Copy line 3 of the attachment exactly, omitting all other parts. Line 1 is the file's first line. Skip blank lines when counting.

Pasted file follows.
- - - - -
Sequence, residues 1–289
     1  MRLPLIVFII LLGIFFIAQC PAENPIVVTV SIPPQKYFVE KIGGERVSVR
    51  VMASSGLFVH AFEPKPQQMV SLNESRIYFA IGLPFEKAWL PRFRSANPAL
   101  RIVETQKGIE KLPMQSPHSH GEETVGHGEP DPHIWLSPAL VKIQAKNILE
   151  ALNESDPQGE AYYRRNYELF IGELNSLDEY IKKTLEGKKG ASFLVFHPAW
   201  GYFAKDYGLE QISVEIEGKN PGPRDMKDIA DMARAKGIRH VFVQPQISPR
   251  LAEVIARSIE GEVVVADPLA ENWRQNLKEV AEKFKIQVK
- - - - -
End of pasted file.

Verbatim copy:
    51  VMASSGLFVH AFEPKPQQMV SLNESRIYFA IGLPFEKAWL PRFRSANPAL